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Egyptian Christians’ hopes set back by church shooting

25 October 2013


Censer: a Coptic priest burns incense during the funeral on Monday of Coptic Christians who were killed on Sunday in an attack outside a church

Censer: a Coptic priest burns incense during the funeral on Monday of Coptic Christians who were killed on Sunday in an attack outside a church

THE hopes of Christians in Egypt that the military's removal of the Muslim Brotherhood from power last July would bring security to their community took a further blow last Sunday night.

At least four members of one extended family were killed, including two girl cousins, when masked gunmen on motorbikes opened fire on worshippers leaving a Coptic church, on the outskirts of Cairo, after a wedding. At least 12 more people were injured. The attackers, who have not been identified, seemed to fire indiscriminately on the crowd. Part of the street had been closed before the attack to prevent the gunmen's escape being blocked by traffic.

One of those who died was Mariam Ashraf Seha, aged eight. Her mother was critically injured. Her father, Ashraf Masiha, said that he heard gunfire, and then "found my wife and daughter on the ground covered in blood. I used to take her to school every day. Her smile will never leave me throughout my life."

The violence was widely condemned in Egypt. The interim Prime Minister, Hazem el-Beblawi, said that the police were hunting those who carried out this "callous and criminal act". He said that the attack would "not succeed in sowing divisions between the nation's Muslims and Christians".

The Grand Imam of Al-Azhar University, one of Sunni Muslims' most revered seats of learning, Sheikh Mohammed el-Tayeb, described the shootings as "a criminal act that runs contrary to religion and morals". A coalition of Islamist groups, including the Muslim Brotherhood, also spoke out against the attack, saying that places of worship were sacred.

One of the main complaints of Christians, today as much as in past years, is that the security services fail both in protecting the minority community and in pursuing those who perpetrate such attacks. This has convinced thousands of Copts that they no longer have a future in Egypt. Others call for more intense dialogue, both with the government and influential Muslims.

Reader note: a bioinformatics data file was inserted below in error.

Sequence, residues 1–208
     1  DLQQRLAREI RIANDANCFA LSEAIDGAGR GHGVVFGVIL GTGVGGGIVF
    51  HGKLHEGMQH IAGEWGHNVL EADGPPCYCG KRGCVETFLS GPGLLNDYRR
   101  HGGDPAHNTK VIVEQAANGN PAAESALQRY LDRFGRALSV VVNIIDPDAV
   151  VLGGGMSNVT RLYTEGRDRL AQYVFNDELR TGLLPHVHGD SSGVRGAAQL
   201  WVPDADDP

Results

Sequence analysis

But among the young, there is growing impatience at the failure of all these tactics to stop the violence against Christians. One prominent youth-group demanded the dismissal of the Interior Minister. It said: "If the Egyptian government does not care about the security and rights of Christians, then we must ask why we are paying taxes, and why we are not arming ourselves."

Coping with the demands of increasingly angry young Copts is one of the challenges that face the leader of the Coptic Orthodox Church in Egypt, Pope Tawadros II. But equally challenging is the task of providing spiritual and physical encouragement to a community that feels itself to be in danger.

Some help to relieve that pressure is coming from a congregation in Devon. St Andrew's, Plymouth,has raised about £1000 to help Egyptian Copts, and is dispatching a city councillor, Dr David Salter, to Egypt to deliver it. But Dr Salter, who is financing his trip himself, told a newspaper in Plymouth, The Herald, that the aim of his visits to Coptic communities across Egypt was to demonstrate "fellow feeling rather than to take aid. A hand reached out to them will remind them that a lot of people have great respect for what Egypt has done."

An Egyptian Coptic priest in Plymouth, Fr Polykarpos el- Samueily, praised the action of St Andrew's. He said that it was thus far the "only church which has shown love to us. . . I hope this will be the start, the example for every church to follow."

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